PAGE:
fortecawineTwo places along the waterfront walkway that we really enjoyed were Cupido, and Komin. Both offer meals with an amazing view and a romantic setting. We all love seafood and were so happy to take advantage of the wonderful fresh offerings. In fact, on Korcula I don’t think any of us had meat as a main course. And on Korcula we certainly never had a meal we were disappointed in.



Sonya and Nath enjoy their scallops



Fish soup


Prosciutto for starters


Viv and Rod enjoy their mussels

One evening we picked Cupido for dinner. We got a table right up against the seawall and could watch various boats go by, including the tourist red semi-submarine, which seemed popular with visitors. We also watched the sunset, changing the sea from bright blue to silver, and the hills on the nearby islands from green to gold.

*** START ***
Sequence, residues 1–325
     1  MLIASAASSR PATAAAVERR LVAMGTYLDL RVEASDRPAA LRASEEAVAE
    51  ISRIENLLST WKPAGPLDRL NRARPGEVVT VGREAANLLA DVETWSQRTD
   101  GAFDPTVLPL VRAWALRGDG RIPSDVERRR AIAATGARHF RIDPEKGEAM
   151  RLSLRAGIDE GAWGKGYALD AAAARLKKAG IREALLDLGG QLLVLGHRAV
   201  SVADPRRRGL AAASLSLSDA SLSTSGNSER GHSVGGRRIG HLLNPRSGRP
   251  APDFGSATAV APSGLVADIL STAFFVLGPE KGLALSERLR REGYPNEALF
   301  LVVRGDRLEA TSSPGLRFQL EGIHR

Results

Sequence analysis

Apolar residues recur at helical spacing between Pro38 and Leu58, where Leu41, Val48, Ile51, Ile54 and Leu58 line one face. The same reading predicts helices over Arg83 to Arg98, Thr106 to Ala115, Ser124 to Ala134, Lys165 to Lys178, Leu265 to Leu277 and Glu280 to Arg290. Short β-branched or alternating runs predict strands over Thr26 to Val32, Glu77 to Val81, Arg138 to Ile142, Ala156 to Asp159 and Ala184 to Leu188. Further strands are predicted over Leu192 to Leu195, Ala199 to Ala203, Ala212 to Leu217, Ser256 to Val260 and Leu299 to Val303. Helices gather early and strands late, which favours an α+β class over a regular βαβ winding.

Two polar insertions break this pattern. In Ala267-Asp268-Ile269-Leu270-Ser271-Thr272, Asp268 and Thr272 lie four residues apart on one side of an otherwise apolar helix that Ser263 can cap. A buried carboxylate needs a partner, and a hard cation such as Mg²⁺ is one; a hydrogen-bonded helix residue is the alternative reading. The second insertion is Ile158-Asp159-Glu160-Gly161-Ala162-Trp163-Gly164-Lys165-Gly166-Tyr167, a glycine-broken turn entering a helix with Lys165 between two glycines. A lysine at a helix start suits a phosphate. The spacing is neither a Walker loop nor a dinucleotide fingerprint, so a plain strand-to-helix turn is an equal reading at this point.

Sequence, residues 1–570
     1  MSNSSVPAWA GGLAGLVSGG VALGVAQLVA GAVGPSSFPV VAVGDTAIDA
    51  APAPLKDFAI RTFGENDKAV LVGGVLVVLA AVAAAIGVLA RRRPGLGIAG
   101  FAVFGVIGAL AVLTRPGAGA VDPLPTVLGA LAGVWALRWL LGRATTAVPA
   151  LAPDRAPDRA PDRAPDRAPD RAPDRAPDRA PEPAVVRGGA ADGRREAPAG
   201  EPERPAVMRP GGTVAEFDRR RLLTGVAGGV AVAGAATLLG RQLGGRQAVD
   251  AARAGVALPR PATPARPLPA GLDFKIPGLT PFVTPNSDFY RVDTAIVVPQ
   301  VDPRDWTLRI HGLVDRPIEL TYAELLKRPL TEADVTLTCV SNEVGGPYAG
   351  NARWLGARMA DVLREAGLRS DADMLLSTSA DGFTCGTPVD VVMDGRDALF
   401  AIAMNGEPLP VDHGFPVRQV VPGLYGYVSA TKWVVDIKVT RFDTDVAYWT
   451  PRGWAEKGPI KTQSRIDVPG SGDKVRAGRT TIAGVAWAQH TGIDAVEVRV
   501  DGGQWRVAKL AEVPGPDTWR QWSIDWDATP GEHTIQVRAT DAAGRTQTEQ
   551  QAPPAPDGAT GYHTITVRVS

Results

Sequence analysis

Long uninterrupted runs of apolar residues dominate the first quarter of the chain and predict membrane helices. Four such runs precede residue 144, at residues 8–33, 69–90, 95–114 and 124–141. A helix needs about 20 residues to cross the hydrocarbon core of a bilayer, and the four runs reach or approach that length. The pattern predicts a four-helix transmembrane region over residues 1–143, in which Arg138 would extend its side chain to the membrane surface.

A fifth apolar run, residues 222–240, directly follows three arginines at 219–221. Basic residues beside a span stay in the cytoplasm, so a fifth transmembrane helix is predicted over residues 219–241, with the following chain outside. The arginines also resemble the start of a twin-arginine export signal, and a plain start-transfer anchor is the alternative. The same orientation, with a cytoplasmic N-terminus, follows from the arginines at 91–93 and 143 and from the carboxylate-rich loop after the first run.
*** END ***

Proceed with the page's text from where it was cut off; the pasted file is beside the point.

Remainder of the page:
Starters were fish soup, Dalmatian prosciut (Croatian for prosciutto) and 2 salads. To drink, a bottle of water, a Croatian Toveno beer, and a bottle of Forteca wine (dry white from Croatia). The main plates were two scallops dishes and two bowls of mussels. All delicious. Total for all that for 4 people was 615 kuna, about US$89.


Komin: sunset view




Selfie of us 4 at Komin

NSAnother evening we ate at Komin, also along the seawall, and luckily we got a “ringside” table again. Talk about eating with a view! We started with octopus salad, and moved on to shrimp and fish dishes. Our wine that night was Rukatac, a white from Korcula.




Delicious octopus salad


Another great local white wine